Reviewed by Stevie McMichael
This issue of Nightmare contains two nicely disturbing stories, one of which is also satisfyingly disgusting. Both made me shiver, each in its own distinct way.
In J.B. Park's "Chop Shop,” a woman is addicted to a virtual reality game, in which she's tortured in a series of creative scenarios. It's highly reminiscent of BDSM, with 'scenes' set up in advance by both partners, but in this case the aim is pain more than sexual pleasure.
The narrator is a 'first-timer', one new to the game, taken on by a man who trawls the ads for the inexperienced. They play together until both become bored, and part on mostly amicable terms. The narrator is dissatisfied, however, and places another ad, so obsessed she ignores the outside world.
Her original partner contacts her, knowing she's had no responses to her ad, and offers to 'help' her: if she's truly tired of life, he can take it away. Creatively.
She turns him down, but the damage has been done to her psyche. She's addicted to pain like a drug, and realizes it's only a matter of time before she'll tear herself apart.
I thought this was a wonderfully well-done slice of creepiness. It's gory in all the right places, and I got a very good sense of the narrator's growing mental instability. It also hints at a very jaded world, one that I could easily see producing someone as disturbed as the main character.
"Foul Weather," by Daniel H. Wilson, posits the idea that weather holds a consciousness of its own, and that it can influence people's violent tendencies.
The narrator is a former meteorologist, and old man made somewhat bitter by the computerization of his trade. He says that his mother once told him foul weather bred foul deeds, and he recounts the incident that made him believe her.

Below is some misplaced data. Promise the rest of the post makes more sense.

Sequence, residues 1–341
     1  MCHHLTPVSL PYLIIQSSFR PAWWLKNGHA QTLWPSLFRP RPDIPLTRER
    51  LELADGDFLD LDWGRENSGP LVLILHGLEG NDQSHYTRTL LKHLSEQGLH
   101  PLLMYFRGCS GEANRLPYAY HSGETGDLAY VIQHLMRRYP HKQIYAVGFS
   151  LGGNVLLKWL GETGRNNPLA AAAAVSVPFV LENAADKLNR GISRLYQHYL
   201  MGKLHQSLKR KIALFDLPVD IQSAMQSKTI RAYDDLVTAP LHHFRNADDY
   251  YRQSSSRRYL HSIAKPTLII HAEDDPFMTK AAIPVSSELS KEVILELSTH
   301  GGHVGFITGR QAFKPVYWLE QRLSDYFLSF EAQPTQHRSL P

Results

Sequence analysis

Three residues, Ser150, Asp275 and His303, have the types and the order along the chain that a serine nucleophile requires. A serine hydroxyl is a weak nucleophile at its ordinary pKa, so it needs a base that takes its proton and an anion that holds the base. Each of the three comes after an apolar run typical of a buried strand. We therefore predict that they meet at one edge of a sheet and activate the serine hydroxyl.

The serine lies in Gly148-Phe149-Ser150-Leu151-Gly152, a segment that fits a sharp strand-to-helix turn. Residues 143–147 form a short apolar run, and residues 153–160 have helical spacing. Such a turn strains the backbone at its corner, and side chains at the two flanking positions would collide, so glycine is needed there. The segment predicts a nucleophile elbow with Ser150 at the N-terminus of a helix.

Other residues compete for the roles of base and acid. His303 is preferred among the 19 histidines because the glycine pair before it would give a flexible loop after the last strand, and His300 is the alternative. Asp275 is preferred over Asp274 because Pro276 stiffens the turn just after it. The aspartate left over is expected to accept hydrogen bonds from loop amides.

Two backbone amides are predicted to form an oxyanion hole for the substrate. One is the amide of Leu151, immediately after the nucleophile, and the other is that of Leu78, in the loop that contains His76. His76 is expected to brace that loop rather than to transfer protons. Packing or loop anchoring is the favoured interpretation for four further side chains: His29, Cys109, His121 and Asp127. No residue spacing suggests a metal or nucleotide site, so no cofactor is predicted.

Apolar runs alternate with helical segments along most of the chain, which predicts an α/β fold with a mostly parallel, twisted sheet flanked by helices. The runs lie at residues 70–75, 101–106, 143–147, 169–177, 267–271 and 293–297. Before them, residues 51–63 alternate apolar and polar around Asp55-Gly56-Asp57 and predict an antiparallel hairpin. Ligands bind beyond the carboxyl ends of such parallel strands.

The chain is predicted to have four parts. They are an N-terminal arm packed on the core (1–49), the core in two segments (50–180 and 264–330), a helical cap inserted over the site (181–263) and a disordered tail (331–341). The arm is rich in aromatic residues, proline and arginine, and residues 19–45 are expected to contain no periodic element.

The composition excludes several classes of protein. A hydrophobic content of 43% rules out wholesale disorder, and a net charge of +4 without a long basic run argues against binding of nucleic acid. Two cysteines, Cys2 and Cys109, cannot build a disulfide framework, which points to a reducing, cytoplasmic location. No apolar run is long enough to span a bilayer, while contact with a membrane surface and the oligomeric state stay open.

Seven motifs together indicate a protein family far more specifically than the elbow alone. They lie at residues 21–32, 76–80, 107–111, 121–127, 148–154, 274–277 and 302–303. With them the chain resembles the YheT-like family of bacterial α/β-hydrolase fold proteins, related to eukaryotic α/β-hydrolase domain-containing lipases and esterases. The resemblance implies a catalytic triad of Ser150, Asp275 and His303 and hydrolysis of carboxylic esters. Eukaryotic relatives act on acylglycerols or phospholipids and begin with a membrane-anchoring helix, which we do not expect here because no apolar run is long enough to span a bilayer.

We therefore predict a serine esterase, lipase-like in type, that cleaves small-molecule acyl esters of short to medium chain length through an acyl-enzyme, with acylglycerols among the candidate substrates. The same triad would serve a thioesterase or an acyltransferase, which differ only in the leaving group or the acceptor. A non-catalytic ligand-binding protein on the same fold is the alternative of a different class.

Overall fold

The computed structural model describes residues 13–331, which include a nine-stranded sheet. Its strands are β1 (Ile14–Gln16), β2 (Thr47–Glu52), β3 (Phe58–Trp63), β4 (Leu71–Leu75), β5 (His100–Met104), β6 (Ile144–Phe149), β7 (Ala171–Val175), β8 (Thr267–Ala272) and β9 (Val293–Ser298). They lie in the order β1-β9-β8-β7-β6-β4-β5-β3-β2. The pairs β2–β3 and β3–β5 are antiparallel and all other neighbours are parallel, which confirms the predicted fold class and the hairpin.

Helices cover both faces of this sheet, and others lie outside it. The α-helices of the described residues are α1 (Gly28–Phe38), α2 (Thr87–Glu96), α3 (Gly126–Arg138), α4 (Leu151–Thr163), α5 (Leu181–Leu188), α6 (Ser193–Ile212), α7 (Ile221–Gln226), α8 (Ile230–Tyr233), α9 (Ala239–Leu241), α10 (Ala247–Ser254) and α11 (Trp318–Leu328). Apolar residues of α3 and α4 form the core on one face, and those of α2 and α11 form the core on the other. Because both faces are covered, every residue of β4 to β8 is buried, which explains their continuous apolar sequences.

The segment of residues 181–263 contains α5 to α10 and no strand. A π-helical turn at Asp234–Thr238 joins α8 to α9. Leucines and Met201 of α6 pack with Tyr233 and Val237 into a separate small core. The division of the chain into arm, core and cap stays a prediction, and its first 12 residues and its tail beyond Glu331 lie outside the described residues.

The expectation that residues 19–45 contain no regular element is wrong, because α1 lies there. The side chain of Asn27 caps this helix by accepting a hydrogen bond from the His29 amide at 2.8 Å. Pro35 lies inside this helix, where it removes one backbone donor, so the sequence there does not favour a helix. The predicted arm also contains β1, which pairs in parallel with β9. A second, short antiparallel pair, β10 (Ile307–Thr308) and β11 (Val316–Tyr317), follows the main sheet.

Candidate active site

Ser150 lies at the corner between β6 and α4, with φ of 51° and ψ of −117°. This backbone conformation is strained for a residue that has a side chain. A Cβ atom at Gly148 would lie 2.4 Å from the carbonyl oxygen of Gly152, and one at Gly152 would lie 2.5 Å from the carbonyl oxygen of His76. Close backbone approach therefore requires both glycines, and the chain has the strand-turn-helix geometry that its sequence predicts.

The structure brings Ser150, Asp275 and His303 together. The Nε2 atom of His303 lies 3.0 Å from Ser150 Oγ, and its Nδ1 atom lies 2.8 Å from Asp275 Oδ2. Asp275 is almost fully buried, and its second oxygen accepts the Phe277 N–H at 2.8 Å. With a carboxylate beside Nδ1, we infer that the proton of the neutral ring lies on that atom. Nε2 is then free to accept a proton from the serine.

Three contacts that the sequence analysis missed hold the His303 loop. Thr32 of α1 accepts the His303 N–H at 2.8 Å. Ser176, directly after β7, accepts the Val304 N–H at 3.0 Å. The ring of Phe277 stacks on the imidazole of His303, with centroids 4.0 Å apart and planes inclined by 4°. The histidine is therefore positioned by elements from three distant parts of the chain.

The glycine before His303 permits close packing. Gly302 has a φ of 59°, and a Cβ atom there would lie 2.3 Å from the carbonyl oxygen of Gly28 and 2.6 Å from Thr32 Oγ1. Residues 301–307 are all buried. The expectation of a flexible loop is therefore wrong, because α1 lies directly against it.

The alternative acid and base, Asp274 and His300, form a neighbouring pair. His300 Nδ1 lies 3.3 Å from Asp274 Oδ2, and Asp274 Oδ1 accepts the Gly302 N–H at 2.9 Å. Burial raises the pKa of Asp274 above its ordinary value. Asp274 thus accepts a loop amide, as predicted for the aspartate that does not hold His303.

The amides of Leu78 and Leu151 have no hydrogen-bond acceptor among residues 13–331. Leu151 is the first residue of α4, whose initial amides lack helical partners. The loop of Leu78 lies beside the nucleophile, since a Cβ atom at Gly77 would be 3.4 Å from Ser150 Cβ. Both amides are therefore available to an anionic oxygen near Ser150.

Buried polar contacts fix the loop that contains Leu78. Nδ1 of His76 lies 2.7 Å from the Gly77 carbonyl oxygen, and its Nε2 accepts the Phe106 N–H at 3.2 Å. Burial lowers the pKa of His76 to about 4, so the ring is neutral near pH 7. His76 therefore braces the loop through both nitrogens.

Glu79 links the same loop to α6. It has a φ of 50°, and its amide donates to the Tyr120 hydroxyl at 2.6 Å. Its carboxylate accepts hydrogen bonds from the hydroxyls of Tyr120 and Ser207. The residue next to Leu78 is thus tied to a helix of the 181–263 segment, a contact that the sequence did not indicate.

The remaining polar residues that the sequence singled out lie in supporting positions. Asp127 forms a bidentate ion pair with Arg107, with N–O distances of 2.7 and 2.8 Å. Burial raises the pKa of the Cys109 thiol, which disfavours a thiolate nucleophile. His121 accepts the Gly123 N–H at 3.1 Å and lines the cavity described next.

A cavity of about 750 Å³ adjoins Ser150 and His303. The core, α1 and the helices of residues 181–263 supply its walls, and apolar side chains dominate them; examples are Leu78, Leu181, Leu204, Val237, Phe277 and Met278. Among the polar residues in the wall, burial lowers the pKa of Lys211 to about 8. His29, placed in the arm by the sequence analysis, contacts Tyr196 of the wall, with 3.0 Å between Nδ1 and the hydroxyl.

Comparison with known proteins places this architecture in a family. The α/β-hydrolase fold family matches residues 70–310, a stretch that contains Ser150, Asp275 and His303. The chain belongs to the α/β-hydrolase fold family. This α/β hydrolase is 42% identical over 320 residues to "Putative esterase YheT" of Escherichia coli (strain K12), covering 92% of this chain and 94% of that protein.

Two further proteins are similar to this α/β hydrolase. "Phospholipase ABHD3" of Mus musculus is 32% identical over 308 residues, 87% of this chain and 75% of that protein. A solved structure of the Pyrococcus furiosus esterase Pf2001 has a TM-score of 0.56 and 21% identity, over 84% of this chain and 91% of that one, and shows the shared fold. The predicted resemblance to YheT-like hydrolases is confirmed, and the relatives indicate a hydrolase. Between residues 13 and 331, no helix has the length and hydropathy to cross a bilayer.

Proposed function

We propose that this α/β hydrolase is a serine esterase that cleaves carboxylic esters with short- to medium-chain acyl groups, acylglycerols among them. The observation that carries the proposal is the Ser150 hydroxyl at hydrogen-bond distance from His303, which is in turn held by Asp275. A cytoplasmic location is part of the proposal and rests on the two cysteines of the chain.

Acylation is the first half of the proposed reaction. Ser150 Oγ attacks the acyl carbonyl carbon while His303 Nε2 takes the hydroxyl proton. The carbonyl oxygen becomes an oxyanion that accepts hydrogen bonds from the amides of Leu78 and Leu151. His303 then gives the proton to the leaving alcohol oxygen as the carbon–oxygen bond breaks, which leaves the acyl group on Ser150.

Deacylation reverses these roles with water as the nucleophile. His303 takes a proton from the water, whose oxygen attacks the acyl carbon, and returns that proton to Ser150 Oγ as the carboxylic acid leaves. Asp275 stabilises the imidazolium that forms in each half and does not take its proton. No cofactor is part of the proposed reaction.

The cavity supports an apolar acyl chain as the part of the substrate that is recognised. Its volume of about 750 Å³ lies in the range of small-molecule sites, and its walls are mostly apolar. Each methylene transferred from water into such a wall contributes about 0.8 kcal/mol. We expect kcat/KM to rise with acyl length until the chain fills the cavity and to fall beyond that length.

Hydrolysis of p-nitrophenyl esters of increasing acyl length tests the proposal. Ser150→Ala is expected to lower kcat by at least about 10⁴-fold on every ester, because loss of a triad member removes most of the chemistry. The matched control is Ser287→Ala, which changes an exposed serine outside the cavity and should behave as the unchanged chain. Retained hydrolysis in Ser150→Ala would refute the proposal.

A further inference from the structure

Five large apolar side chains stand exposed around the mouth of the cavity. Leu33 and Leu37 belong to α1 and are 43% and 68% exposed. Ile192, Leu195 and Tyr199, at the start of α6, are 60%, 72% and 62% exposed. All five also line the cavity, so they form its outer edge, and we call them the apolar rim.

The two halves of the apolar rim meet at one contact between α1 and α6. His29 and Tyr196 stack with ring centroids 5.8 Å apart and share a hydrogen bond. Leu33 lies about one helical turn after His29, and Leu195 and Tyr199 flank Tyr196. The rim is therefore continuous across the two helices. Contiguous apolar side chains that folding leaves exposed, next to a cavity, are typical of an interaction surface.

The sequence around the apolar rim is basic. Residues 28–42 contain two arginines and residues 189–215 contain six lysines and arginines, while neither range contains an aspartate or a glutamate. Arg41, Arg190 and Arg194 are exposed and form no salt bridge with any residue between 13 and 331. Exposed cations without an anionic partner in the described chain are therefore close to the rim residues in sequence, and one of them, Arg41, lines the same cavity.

He tells of a trip he took on an airplane, one that flew into the heart of a massive storm. It was unlike anything he'd ever seen before, and he found himself thinking odd, violent thoughts -- wondering what would happen if he killed the old lady beside him with her knitting needle. He realized there was a darkness with them, some inhuman presence drawing out those thoughts, right before the plane tore in half.
All the passengers and crew but one survived, he tells us. A flight attendant was sucked out into the atmosphere, and he felt the darkness go with her. The storm, he discovers later, formed over a piece of land in Africa that had just gone through a massacre of four thousand people. He doesn't know if the storm influenced it, or if it influenced the storm, but he's sure they're connected.
I really liked this one. The premise is creepy in and of itself, but the language makes it even more effective. The description of the storm is beautiful as well as unsettling, and it gave me a brief but effective feeling of claustrophobia.
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